Dispatchers

Emotional stress is an intrinsic part of emergency dispatchers’ occupational health; they work in critical situations, with an irregular work load, and no feedback regarding patient outcome.[13] Acute stress is a fundamental adaptive response, but psychological stress at work can lead to illness and reduced productivity.[13] Being at the beginning of the rescue chain, it is important that dispatchers are in good health to communicate vital information during critical phases of operations; errors can have serious consequences.[14]

Research has largely focused on trauma among more stereotypical first responders such as firefighters or police officers, however, there is an increasing amount of research investigating the biometric stress parameters such as heart rate among emergency dispatchers.[13][14] One study found dispatchers had elevated heart rates and reduced heart rate variability at the beginning and throughout a shift; additionally dispatchers showed a significant increased risk of work disability as compared to a control group.[14]

Prevalence of PTSD

PTSD is characterized by, "exposure to actual or threatened death, serious injury, or sexual violence" either directly or indirectly, intrusion, persistent avoidance of stimuli associated with the event, negative alterations in cognitions and mood, and marked alterations in arousal and reactivity following a traumatic experience.[15][16] Symptoms must last longer than one month, cause clinically significant distress in social or occupational functioning, and not be attributed to other conditions or substances.[16]

“80% of first responders report experiencing traumatic events on the job.” [3] As of 2012, the prevalence rates of PTSD were “14.6% for emergency personnel, 7.3% for firefighters, 4.7% for police officers, and 13.5% for other rescue teams." [17] “Nearly 400,000 first responders in the United States, and 10% worldwide are suffering from PTSD symptoms.” [3]

Paramedics have the highest prevalence of PTSD while police officers have the lowest.[17] Paramedics respond to more emergencies than police and firefighters and do not undergo the same intense screening like police and firefighters. Since police officers carry weapons (firearms, batons, electroshock weapons, etc.), the hiring process is designed to find individuals with personality traits related to psychological resilience through psychological assessment.[18]

Stigma and Under Reporting

Due to the stigma associated with having a mental health disorder among first responders, individuals at these jobs tend to under report symptoms to avoid judgment by peers and supervisors, demotion, or a decrease in responsibilities at work.[2][18] On average, "about one in three first responders experiences stigma regarding mental health" [2] Other barriers associated with under reporting are a lack of knowledge of where to receive treatment, scheduling concerns, and fear regarding confidentiality.[2]

Risk Factors

Individuals who experience repeated traumatic events have an increased risk of developing PTSD.[18] Additionally, the type of trauma, the first responder's personality traits, and their level of social support play an important role in the development of post-traumatic stress symptoms.[3]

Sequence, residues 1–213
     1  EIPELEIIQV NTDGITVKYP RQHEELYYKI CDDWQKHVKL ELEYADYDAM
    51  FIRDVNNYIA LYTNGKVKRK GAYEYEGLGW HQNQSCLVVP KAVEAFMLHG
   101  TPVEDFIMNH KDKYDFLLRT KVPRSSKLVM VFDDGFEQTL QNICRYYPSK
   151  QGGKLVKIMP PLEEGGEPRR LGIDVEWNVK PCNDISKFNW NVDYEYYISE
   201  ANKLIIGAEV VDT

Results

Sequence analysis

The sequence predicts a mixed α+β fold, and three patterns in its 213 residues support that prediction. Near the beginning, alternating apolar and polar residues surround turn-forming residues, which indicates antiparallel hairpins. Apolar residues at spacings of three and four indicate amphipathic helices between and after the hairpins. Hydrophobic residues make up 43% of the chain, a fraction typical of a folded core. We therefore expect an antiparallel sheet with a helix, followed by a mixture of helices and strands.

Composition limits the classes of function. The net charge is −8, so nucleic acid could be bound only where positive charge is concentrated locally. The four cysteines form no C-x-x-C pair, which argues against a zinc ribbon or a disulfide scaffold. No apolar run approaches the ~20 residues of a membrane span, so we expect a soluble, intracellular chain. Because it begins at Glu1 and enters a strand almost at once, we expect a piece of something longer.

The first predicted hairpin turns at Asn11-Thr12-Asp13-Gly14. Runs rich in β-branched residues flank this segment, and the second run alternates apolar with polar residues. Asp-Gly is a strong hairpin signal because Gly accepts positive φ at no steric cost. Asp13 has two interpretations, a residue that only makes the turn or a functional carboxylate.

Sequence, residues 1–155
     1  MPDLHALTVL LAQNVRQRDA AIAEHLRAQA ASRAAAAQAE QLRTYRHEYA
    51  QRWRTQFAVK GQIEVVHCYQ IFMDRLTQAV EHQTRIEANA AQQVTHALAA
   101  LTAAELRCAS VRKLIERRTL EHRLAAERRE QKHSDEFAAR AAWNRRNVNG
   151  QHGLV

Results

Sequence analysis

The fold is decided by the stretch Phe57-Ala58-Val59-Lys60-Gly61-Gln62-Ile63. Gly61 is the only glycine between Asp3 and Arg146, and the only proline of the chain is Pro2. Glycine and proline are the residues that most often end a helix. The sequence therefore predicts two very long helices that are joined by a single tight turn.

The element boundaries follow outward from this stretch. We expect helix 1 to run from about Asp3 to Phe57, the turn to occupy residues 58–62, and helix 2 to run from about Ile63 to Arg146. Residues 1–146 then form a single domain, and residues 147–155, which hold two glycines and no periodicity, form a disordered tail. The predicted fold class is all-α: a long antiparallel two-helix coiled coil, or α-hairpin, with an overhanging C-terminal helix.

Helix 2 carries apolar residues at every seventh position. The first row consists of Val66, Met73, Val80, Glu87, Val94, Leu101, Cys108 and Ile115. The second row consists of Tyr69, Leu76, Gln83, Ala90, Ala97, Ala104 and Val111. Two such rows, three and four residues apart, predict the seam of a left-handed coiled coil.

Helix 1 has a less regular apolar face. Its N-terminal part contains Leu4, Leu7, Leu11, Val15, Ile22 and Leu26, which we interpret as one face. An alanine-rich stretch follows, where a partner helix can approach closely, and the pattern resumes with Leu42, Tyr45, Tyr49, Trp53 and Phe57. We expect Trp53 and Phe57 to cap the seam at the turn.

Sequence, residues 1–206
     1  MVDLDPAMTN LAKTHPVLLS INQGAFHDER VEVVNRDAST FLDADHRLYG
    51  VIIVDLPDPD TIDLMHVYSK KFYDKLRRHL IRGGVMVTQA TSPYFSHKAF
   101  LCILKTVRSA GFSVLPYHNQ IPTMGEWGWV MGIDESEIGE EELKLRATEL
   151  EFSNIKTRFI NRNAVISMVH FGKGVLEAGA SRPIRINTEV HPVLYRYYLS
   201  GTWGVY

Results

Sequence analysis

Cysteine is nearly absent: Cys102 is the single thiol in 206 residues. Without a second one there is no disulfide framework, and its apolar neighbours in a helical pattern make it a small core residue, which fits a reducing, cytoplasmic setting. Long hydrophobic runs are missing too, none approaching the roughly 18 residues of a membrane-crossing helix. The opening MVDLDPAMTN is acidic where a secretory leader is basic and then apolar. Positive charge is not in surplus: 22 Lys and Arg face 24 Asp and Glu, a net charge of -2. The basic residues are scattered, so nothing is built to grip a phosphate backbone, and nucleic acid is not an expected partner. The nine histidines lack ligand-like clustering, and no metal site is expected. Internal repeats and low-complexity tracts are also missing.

Klimley et al. found that Canadian female police and firefighters were more likely to test positive for any mental disorder. Other types of first responders did not show a significant difference based on sex.[3] Risk factors presented for law enforcement include “proximity to the event, type of incident, occupational stressors, neuroticism, introversion, and poor coping skills.” [3]  Firefighters who display high levels of “hostility, low self-esteem, neuroticism, previous trauma, and a lack of social support” are more at risk for developing PTSD.[3] Location may serve as a risk factor, as urban police are more likely to be deployed in pairs and have structural support compared with rural police who are often deployed alone without access to the same support systems.[3] Additionally, there is an increased risk for unmarried paramedics, canine handlers with insufficient training, and firefighters who experience an increased number of distressing missions.[18]

Suicide is considered high risk in law enforcement officers, but is not solely related to the exposure to a traumatic event.[19] Lack of social support is significantly associated with an increase of feelings of hopelessness and suicide.[19] Additionally, an increase in stress of administrative practices also increased feelings of hopelessness in this particular occupation.[19] In 2017, 103 firefighters and 140 police officers committed suicide, compared to 93 firefighters and 129 officers died in the line of duty (being fatally shot, stabbed, drowning or dying in a car accident while on the job).[20]

Comorbid Disorders

Among law enforcement officers, “chronic pain, cardiovascular problems, arthritis, substance use, depression, anxiety, and suicide” present comorbid with PTSD.[3] Similarly, firefighters experience “cardiovascular disease, respiratory problems, depression, acute stress disorder, interpersonal difficulties, substance abuse, and suicide.”[3] Lastly, dispatchers can present with high cortisol and higher burnout rates with a PTSD diagnosis.[3]

Pre-Crisis Education